DNA, RNA, Chromosomes, and Genes


How is DNA unzipped?

In 2013, researchers developed a biological computer—all with the help of human DNA. Essentially making a biological transistor—called a transcriptor— from DNA, they created a living computer. The transcriptor used a group of natural proteins that controlled how the enzyme (RNA polymerase) flowed along a DNA molecule, similar to how electrons are controlled inside an electrical wire. From there, they used something similar to a computer’s language—of 0s and 1s—to open and close logic gates, but biologically. They hope to eventually develop this living computer to take on such tasks as sensing when a cell has been exposed to a material, such as sugar—or even to tell cells to start or stop dividing depending on the stimuli in their surrounding environment.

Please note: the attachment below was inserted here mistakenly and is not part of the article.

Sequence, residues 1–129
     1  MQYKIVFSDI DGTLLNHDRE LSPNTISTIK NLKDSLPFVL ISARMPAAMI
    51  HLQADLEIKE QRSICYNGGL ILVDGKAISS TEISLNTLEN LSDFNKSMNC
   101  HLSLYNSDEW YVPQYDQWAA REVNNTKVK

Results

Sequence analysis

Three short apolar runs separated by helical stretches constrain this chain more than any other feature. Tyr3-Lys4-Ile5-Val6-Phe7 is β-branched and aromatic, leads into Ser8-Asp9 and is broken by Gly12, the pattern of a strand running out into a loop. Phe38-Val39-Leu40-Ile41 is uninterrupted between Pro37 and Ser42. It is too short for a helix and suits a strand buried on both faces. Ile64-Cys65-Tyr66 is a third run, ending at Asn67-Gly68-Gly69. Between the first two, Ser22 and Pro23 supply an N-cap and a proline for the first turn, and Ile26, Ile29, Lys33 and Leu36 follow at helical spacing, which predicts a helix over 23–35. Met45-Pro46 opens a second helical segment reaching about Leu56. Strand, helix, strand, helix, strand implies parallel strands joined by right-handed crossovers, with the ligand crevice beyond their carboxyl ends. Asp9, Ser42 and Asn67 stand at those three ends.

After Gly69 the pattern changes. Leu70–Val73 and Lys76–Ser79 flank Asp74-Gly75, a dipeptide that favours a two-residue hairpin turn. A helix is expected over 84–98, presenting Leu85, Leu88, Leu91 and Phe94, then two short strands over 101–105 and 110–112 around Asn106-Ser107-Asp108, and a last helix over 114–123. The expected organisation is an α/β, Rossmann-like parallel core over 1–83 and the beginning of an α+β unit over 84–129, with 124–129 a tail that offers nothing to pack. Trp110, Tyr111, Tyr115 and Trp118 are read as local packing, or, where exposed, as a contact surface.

DNA is unzipped during its replication process; the two strands of the double helix are separated and a new complementary DNA strand is synthesized from the parent strands. Also, during DNA transcription, one DNA strand, known as the template strand, is transcribed (copied) into an mRNA strand. In order for the two strands of DNA to separate, the hydrogen bonds between the nitrogen bases must be broken. DNA helicase (an enzyme) breaks the bonds. However, the enzyme does not actually unwind the DNA; special proteins first separate the DNA strands at a specific site on the chromosome, which are called initiator proteins.


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